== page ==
There are limitations of routine EEG recordings in detecting the often intermittent abnormalities seen in epilepsy. One way to improve the information gained is to perform what is known as an ambulatory (‘walking’) EEG recording. This involves recording the brainwaves of someone who is walking around, freely mobile and not confined to the testing room in an EEG department.
Standard EEG electrodes are placed on the scalp, but a smaller number than with a routine recording. The wires from these electrodes are plugged into a small portable relay box and the EEG signals are recorded on a hard drive or a memory card in a battery-operated recorder worn around the chest or waist.
Once the ambulatory EEG recorder has been fitted and tested, the person goes home and carries on with normal daily activities, returning about 24 hours later to have the device removed. If a longer recording is needed, the batteries and scalp electrodes are checked before the person returns home for a further period of recording. It may seem a little odd to be walking around with EEG electrodes on the head, but most people quickly adapt to this and are able to carry on with their normal daily lives.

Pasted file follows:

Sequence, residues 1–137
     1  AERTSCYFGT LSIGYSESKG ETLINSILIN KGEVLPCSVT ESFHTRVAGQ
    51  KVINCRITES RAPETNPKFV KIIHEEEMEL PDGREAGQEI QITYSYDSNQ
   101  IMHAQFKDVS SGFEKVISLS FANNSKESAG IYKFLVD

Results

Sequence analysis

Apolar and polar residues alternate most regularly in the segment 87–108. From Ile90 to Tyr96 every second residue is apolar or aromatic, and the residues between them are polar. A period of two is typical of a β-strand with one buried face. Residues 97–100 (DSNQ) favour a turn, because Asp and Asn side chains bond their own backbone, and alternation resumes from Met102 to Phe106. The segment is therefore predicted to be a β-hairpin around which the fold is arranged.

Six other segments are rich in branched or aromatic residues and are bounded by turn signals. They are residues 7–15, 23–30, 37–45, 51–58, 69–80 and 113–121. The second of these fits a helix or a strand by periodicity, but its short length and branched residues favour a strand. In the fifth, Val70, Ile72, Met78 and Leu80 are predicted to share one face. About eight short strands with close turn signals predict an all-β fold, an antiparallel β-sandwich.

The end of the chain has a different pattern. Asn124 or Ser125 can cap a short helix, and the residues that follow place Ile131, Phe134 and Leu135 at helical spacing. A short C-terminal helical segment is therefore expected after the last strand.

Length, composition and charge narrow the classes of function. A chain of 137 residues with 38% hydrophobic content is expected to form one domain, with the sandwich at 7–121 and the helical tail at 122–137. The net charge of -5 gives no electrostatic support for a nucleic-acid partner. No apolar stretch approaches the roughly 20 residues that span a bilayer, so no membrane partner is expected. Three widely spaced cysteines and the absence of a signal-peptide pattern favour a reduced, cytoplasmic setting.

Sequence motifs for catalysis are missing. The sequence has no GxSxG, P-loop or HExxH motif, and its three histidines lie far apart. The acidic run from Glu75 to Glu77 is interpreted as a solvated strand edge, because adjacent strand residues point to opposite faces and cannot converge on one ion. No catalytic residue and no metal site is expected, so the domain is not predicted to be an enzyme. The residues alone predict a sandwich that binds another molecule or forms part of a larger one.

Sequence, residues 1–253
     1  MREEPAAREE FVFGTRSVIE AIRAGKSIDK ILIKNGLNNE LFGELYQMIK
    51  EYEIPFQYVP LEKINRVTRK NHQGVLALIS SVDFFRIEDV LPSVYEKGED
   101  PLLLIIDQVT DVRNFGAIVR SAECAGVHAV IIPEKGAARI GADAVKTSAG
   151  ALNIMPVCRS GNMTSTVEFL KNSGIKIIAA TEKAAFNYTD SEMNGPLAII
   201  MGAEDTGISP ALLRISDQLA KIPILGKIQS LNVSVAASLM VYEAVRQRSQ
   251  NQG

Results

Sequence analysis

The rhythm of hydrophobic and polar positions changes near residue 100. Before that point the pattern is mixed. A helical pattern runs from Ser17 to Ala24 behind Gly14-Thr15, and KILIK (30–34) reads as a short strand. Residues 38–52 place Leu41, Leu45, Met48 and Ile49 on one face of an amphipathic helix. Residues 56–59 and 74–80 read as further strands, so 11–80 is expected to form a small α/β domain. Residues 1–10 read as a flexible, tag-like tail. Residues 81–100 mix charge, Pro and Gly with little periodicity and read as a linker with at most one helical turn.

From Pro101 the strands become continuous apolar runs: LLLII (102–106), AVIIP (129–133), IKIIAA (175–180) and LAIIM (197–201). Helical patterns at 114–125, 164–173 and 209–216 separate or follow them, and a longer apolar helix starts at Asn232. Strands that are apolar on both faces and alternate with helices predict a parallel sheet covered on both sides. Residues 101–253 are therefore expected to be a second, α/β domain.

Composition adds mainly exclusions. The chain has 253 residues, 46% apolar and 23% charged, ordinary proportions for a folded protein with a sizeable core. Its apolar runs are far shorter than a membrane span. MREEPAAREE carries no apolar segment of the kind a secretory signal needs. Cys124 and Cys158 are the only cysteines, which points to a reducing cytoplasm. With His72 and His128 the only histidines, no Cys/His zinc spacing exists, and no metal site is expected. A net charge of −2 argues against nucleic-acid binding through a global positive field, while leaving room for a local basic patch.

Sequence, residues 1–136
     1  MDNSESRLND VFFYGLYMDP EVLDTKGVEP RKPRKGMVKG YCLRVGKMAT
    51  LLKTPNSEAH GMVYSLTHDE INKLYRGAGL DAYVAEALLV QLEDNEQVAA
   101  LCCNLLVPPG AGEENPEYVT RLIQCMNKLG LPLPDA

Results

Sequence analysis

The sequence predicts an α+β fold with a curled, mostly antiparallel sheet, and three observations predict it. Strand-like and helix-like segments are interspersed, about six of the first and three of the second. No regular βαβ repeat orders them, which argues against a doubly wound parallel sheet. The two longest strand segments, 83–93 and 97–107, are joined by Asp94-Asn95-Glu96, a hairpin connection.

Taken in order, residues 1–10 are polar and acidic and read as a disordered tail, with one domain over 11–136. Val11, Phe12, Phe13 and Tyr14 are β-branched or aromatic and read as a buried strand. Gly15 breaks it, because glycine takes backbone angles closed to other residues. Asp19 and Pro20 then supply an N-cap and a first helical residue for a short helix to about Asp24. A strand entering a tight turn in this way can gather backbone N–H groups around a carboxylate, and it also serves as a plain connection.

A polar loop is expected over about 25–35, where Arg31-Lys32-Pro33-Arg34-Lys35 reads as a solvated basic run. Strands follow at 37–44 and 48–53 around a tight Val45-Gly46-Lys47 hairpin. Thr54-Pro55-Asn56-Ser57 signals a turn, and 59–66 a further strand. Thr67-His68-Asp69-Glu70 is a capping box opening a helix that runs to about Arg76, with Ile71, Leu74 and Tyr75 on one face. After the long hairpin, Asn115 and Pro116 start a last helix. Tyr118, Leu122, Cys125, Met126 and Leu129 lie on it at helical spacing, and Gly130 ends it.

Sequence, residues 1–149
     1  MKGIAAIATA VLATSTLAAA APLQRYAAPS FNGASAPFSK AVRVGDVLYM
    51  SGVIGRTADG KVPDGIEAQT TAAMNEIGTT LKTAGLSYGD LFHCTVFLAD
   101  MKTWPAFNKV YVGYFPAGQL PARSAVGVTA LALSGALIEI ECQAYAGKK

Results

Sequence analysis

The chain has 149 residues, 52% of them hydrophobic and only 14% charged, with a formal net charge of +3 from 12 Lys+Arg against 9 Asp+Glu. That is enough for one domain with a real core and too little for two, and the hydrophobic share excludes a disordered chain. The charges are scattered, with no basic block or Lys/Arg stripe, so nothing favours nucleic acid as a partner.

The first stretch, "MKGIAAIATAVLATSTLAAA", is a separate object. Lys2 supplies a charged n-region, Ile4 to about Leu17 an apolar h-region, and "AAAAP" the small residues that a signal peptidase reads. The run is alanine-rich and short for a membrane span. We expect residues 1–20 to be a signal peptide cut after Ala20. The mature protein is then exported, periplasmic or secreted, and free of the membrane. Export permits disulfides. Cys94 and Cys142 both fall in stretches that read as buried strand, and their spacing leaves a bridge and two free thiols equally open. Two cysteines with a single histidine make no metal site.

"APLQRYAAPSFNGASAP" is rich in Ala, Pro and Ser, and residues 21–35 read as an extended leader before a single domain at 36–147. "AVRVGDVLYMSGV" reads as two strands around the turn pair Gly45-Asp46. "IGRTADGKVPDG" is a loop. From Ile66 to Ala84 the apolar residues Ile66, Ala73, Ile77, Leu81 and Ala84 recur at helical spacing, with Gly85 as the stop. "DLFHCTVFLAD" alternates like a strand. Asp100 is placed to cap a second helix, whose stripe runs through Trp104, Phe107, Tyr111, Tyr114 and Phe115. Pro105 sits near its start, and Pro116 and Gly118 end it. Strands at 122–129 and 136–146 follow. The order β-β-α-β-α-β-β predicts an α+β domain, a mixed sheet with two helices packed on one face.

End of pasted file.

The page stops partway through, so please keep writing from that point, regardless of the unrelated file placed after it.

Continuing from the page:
This technique is used with both adults and children. There are two advantages to ambulatory EEG recording. First of all, it allows the EEG to be recorded over a much longer period than a routine EEG – for several days if need be. This greatly increases the chances of detecting abnormalities. The second advantage is that it may be possible to actually record the EEG during an attack, particularly if these are occurring quite often. This may allow doctors to distinguish whether the attacks are epileptic or not. The recording may also give a very clear picture of how often attacks are occurring in someone who is known to have epilepsy. People having this type of EEG will be asked to keep a record of any attacks that occur during the recording, noting the time and a short description of what occurred.